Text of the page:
Importance Of Sport Tourism
Irwin, Wang, and Sutton (19913) found that when tourists were asked to project the amount of money they would spend during their stay, they frequently underestimated their expenditures. Faulkner and Raybould (1995) asked one group of event sport tourists to keep a diary of its expenditures, while others were asked to recall their expenditures following the event. Like Irwin et al., Faulkner and Raybould found that tourists who were asked to recall the amount of money they had spent tended to estimate conservatively. Consequently, while asking people to keep diaries is a more difficult method to implement, it may be the most accurate way of tracing event tourist expenditures in a community.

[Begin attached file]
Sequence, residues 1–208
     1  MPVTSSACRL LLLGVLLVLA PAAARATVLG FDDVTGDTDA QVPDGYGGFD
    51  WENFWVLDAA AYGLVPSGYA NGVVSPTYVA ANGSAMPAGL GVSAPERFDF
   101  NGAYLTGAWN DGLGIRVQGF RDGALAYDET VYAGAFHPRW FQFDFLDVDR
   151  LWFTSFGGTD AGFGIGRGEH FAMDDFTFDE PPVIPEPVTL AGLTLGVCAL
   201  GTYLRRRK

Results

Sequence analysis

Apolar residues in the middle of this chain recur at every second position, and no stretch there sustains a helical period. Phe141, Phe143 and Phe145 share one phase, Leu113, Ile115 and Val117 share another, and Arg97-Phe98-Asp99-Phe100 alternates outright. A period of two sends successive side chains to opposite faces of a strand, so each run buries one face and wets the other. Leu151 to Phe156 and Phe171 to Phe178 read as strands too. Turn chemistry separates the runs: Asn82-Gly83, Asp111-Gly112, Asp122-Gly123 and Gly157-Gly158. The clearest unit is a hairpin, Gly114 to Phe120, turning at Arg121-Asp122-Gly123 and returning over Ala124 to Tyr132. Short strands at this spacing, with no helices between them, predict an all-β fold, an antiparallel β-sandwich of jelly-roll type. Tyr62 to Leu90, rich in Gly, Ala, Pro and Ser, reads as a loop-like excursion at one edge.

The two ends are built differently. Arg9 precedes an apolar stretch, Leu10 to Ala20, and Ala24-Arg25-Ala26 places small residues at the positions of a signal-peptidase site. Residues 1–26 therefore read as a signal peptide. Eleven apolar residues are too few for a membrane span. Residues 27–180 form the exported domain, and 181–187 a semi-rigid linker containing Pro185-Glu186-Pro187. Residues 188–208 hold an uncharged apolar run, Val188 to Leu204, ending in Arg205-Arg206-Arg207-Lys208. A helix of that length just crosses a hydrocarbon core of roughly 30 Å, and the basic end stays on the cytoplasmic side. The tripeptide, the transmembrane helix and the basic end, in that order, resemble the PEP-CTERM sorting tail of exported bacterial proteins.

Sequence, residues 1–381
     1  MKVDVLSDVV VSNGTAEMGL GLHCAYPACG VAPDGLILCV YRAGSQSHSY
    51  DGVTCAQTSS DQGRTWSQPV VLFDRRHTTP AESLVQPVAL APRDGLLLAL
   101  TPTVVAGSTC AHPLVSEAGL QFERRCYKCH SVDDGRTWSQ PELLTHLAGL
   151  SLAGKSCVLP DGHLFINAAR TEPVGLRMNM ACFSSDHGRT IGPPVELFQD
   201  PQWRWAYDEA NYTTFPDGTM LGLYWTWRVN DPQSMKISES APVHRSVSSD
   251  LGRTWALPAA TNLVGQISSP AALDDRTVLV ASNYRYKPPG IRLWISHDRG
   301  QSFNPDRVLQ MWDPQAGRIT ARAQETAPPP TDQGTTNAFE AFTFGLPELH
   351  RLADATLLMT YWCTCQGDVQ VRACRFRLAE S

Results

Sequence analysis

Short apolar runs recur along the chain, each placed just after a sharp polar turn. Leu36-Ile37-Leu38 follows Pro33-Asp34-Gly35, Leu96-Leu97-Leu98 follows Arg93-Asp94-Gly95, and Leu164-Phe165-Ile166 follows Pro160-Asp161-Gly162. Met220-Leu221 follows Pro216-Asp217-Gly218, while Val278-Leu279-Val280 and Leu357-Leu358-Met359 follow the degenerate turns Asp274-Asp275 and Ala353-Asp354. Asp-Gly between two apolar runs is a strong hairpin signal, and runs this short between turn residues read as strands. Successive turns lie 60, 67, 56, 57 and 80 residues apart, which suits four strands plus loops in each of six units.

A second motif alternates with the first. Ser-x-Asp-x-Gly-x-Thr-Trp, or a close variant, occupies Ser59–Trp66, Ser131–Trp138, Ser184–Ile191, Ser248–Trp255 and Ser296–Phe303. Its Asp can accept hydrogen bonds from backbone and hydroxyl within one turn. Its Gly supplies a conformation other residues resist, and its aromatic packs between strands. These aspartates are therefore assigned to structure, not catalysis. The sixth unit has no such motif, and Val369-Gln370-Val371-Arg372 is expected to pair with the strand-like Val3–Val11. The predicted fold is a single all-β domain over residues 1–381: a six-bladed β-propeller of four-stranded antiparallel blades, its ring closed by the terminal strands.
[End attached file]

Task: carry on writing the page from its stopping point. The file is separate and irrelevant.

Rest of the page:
In addition to the economic impact, event planners should also be aware of other potential effects. Burgan and Mules (1992) suggest that event planners adopt a conservative estimate of the potential profit (economic impact) from the event, as the expense of organizing an event is frequently underestimated. Indeed, a growing body of research indicates that there are both positive and negative impacts on a host community, especially at the national and international